Poor FE students face tougher battle to bag top places and jobs
Poor students at FE colleges find it more difficult to get into elite jobs and top universities than their counterparts in school sixth-forms, a new report claims.
A Royal Society of Arts (RSA) study argues the sector is undermined by "comparative under-funding, lack of policy attention and low status compared to higher education and school sixth-forms".
The report focuses on youngsters from low-income backgrounds and argues that they face "cultural, financial and institutional barriers compared to young people from higher-income groups".
"Our research adds to a considerable body of research which shows that cultural, economic and institutional capital - or lack of it - has a detrimental effect on young people from low-income backgrounds in the FE sector, and in their progression into education or the workplace," it adds.
Author Emma Norris found that many young people struggle to meet the "everyday costs" of going to college.
One FE practitioner in London said that his college extended students' working days in order to help them cut travel costs.
"Students that were timetabled for four days - they couldn't afford the bus fare for that many days. Now we bring them in on big long days, to save them the bus fare.
"The students want it squashing into two or three days so they can work alongside it. We're designing our timetables around their money concerns," he said.
Students also suffer because of the financial pressures on FE institutions, the author argues. "Whilst doing the best they can for their students, because of the sector's own lack of capital, FE colleges are currently unable to provide much of the advice, guidance and support that these young people need," the report says.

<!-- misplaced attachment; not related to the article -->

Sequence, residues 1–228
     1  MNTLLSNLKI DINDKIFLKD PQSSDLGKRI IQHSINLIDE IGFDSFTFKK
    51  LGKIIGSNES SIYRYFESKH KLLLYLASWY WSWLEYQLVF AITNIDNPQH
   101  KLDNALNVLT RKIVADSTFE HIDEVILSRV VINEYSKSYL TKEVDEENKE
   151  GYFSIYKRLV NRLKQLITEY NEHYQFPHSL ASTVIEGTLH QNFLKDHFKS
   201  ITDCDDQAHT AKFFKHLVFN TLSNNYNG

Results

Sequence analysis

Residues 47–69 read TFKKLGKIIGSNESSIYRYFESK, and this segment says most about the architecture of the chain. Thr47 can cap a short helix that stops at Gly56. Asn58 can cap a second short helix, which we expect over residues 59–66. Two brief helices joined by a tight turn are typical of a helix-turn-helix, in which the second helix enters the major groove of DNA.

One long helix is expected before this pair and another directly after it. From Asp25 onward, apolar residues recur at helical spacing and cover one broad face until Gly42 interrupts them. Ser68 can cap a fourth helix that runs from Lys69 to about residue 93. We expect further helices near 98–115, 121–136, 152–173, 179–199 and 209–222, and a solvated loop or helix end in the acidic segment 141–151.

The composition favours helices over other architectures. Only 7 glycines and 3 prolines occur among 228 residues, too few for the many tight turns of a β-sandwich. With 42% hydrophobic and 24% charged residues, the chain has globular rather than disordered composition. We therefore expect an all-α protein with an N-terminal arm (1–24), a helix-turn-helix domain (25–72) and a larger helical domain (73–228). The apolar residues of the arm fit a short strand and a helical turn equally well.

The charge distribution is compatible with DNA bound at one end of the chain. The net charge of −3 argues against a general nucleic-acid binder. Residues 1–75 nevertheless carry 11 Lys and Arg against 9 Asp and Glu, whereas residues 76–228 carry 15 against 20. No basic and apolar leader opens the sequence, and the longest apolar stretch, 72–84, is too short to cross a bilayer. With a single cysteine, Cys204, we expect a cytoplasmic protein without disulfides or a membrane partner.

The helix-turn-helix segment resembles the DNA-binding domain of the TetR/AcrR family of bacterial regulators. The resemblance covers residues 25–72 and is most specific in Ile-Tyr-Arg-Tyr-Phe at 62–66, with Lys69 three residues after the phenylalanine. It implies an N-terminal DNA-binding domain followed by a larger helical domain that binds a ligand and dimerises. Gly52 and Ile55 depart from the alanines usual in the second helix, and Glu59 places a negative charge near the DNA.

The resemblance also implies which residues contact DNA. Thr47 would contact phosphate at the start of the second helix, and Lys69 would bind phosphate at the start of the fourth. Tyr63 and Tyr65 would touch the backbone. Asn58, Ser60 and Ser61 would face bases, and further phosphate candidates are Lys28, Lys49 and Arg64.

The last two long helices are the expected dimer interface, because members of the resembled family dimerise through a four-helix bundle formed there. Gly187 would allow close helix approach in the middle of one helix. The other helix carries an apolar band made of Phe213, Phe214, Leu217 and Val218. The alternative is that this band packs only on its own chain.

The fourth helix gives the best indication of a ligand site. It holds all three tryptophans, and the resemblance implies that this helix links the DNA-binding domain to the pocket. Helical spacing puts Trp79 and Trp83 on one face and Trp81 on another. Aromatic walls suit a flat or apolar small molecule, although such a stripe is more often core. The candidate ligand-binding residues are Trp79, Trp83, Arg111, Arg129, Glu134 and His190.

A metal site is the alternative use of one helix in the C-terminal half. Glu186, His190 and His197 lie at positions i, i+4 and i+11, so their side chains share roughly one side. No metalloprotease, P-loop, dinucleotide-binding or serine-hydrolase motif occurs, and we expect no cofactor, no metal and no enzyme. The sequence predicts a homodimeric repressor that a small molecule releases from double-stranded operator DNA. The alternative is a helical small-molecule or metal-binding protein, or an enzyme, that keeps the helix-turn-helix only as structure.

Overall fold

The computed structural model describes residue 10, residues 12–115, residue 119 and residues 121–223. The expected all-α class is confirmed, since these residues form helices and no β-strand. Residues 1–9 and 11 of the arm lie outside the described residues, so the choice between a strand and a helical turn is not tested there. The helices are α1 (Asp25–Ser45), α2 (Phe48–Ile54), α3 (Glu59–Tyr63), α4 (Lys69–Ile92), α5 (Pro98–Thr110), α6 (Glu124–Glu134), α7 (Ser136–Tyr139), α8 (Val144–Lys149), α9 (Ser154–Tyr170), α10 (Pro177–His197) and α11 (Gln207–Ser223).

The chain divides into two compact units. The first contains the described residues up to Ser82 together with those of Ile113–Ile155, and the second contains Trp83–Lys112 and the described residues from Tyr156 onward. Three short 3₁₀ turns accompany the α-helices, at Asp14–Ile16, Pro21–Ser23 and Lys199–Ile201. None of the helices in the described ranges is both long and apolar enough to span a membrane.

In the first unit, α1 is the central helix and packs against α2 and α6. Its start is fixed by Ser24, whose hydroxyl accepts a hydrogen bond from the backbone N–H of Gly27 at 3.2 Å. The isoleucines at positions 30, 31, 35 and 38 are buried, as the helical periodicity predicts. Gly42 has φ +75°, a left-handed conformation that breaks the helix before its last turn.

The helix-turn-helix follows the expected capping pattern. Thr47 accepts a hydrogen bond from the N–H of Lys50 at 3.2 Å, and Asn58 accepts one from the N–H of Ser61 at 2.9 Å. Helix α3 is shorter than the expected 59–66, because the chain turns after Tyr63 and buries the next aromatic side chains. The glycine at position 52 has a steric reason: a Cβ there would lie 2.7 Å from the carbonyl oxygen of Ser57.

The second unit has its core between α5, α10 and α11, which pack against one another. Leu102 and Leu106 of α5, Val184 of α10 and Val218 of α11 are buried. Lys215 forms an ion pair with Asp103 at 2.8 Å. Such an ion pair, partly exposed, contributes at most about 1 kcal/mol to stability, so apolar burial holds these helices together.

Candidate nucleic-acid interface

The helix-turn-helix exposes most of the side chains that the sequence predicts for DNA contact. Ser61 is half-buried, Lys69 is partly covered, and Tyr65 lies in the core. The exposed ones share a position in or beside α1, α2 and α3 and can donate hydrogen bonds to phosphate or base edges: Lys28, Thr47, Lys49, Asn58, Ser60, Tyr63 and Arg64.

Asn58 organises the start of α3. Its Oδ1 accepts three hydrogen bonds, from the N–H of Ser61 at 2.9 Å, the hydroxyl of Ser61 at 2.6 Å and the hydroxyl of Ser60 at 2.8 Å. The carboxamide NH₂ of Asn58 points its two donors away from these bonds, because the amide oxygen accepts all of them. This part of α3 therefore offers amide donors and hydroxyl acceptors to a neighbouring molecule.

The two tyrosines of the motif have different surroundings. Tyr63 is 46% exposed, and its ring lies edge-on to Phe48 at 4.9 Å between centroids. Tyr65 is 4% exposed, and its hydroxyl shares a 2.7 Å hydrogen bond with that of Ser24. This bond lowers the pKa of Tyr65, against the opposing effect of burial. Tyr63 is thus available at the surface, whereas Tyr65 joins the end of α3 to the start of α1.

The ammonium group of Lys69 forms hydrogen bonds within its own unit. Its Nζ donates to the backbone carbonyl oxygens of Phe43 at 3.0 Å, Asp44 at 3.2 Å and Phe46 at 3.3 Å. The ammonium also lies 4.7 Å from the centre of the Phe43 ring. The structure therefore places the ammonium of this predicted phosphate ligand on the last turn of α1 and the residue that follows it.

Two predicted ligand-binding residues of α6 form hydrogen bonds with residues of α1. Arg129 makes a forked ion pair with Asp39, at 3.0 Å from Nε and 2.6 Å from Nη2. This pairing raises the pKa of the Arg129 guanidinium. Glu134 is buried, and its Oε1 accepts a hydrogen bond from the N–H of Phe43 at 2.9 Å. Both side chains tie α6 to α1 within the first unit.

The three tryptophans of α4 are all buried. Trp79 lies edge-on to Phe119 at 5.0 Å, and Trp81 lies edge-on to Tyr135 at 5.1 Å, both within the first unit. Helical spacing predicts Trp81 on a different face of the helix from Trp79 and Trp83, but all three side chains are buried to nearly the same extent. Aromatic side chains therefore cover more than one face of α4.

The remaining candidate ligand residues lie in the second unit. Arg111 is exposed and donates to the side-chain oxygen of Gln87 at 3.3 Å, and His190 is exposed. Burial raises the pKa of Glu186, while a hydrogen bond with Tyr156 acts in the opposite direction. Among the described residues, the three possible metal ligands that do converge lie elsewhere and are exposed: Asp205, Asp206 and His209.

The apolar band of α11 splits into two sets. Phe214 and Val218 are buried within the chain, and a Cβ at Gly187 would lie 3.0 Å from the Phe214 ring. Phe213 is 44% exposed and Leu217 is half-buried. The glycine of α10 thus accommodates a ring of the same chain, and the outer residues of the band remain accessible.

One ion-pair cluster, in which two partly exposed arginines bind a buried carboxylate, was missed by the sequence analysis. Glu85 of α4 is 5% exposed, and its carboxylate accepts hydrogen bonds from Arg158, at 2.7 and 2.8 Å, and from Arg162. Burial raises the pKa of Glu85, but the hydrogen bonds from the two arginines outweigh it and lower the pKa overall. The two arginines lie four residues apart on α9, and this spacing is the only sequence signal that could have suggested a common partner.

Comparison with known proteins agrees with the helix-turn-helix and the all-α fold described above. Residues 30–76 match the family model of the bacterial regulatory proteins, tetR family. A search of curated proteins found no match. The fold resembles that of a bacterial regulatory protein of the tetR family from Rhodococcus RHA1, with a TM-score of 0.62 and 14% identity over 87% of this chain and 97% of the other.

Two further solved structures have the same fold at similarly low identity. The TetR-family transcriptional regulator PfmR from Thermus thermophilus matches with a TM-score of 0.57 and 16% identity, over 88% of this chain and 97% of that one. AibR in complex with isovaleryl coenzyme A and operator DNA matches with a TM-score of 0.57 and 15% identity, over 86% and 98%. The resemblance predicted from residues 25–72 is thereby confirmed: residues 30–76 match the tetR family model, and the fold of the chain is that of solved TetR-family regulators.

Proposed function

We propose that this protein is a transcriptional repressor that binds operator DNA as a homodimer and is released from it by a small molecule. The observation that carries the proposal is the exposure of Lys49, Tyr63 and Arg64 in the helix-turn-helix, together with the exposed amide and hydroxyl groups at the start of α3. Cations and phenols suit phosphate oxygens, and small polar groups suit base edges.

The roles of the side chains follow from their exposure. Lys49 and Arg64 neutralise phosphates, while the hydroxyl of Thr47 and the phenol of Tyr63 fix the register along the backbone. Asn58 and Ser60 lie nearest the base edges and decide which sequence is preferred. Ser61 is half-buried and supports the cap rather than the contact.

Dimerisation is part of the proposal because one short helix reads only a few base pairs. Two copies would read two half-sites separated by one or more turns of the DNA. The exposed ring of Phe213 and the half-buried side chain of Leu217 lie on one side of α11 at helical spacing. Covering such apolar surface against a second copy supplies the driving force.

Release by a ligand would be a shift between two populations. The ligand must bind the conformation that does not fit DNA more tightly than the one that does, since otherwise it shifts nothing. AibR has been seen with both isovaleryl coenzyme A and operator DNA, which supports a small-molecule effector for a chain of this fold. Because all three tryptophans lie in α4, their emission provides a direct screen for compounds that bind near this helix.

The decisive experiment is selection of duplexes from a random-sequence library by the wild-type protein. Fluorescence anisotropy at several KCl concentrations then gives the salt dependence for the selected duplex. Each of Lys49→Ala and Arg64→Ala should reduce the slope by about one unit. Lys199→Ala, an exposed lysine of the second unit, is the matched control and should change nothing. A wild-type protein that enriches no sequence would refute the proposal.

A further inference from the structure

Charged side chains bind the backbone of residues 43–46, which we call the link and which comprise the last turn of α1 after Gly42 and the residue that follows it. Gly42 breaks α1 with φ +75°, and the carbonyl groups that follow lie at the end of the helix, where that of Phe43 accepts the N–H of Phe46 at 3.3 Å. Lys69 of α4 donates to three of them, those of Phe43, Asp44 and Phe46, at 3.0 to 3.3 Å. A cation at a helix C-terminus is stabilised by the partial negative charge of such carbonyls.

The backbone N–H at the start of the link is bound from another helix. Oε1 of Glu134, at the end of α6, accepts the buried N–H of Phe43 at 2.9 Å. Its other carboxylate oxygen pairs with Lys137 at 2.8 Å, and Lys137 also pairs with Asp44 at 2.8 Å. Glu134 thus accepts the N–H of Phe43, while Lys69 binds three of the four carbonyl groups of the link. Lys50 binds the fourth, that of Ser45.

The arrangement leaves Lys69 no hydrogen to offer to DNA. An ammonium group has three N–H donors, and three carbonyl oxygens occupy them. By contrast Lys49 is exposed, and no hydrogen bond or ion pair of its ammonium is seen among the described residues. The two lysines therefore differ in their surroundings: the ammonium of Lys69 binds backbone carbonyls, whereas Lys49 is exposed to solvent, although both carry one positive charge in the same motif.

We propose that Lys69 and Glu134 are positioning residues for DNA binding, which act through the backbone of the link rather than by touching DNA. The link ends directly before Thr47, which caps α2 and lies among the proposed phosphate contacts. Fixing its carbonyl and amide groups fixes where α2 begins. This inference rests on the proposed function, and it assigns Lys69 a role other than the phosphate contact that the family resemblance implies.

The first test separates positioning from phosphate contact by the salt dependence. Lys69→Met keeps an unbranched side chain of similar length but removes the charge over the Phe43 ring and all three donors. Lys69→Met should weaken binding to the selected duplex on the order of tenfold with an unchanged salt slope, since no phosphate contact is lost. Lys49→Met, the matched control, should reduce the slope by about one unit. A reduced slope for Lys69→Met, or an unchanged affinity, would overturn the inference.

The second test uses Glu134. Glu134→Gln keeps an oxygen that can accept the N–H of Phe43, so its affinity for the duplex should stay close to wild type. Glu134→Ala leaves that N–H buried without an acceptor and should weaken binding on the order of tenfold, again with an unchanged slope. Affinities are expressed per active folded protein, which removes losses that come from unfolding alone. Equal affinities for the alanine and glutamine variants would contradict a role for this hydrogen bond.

It blames colleges' predicament on "a range of institutional problems", including "poor careers advice" and an "image problem among prospective employers".
Young people from low-income backgrounds were largely "unaccustomed to and uncomfortable with" the importance of contacts, social networking and cultural capital, regarding this as "cheating", she added.
The report also calls for the Government to reconsider its decision to scrap the education maintenance allowance (EMA) and ensure that more information about financial support and hardship funds be made available to students.
"Working well," the report says, "the FE sector can support disadvantaged young people into fulfilling careers, perhaps via higher education. But at the moment the sector is constrained in this role due to its comparative underfunding, lack of policy attention and low status compared to higher education and school sixth-forms."
It adds that colleges should build relationships with organisations with "high social and cultural capital", which could assist with mentoring and advocacy schemes for students and teachers.
Joy Mercer, the Association of Colleges' director of education policy, said: "The RSA report acknowledges the comparative underfunding of further education compared with other sectors.
"However, this report does not give enough credit to colleges for the extent of their advice and guidance work with employers or the quality of their careers advice. Colleges currently provide 35 per cent of entrants to higher education and educate and train more than 3.3 million people each year."